NORMAL MAPS: PART II - page 2: Tips for Creating Models
Tips for Creating Models
As I've discussed, the whole goal of normal mapping is to make a low poly model look like a high poly model. This is usually achieved by creating both a low poly model and a high poly model and then using the detail of the high poly model to create a normal map for the low poly model. So we've got two models involved. This page contains tips for creating both the high and low res models that will help you to achieve better final results. First, we'll discuss the order of creation for the models.
Which Model Do I Create First?
So if you have to create a low poly model and a high poly model, which one do you create first? The honest answer is, which ever one you want! Here are a couple of options:
There are other options, but this is probably enough to get you going. Once you get started you'll probably settle on a method that you're most comfortable with.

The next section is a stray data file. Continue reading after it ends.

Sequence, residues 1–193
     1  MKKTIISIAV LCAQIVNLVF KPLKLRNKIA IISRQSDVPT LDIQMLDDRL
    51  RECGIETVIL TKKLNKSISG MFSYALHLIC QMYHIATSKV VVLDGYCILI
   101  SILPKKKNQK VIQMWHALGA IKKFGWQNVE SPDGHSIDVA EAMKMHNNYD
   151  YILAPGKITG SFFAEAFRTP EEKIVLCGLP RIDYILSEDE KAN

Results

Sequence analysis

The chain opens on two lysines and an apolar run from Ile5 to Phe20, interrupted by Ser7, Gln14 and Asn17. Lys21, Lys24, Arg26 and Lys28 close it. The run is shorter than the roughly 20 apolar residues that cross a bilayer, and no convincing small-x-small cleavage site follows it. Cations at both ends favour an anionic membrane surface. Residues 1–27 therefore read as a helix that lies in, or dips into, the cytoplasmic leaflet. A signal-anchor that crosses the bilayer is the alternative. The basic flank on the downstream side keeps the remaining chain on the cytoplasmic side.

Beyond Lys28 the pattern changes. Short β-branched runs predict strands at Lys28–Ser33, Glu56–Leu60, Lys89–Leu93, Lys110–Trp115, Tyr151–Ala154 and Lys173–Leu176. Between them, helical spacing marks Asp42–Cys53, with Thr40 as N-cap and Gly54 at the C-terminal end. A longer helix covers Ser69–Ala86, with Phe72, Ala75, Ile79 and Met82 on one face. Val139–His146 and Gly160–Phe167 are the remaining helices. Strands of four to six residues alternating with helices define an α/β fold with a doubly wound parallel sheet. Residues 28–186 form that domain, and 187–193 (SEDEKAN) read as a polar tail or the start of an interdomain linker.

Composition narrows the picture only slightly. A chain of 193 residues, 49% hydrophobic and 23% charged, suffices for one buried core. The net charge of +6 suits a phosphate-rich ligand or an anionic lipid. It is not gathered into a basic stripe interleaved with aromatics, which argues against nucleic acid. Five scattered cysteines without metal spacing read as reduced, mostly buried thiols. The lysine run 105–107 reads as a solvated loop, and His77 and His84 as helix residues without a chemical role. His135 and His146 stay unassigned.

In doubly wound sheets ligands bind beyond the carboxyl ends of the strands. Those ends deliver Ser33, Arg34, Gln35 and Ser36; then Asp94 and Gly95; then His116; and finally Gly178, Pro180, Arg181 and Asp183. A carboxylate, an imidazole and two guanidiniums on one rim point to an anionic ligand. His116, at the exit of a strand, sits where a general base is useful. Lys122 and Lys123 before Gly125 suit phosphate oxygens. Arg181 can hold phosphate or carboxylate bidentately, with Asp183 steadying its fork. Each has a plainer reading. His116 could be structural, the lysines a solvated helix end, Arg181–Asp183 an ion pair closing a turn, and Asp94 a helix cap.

- Create the High Poly Model First
If you are used to creating high poly models for non-real-time rendering, you might want to create your high poly model first. Once you've created a beautiful model with lots of detail, make a copy of the model. This copy will become your low poly model - you just need to reduce the poly count. Most 3D programs come with a feature to simplify a model. In 3DS Max, the MultiRes modifier works pretty well. Just crank the poly count down to a number that fits in your budget. If the model is a character that needs to deform, be sure that you leave enough detail in the joint areas for realistic deformation.
- Create the Low Poly Model First
A lot of artists in the game industry are more comfortable creating low poly models. If that's you, you'll probably want to create the low poly model first. This gives you very fine control over the low poly mesh. (Sometimes resing down a high poly model, like in the previous method, gives you a very messy mesh.) Once you've got a low poly model you're happy with, make a copy of it. This copy will become your high poly version. Just subdivide it several times. The Mesh Smooth modifier in 3DS Max works well for this. Now go in and add all the detail that you've always wanted to add but couldn't because of your polygon budget.
Tips For Creating the Low Poly Model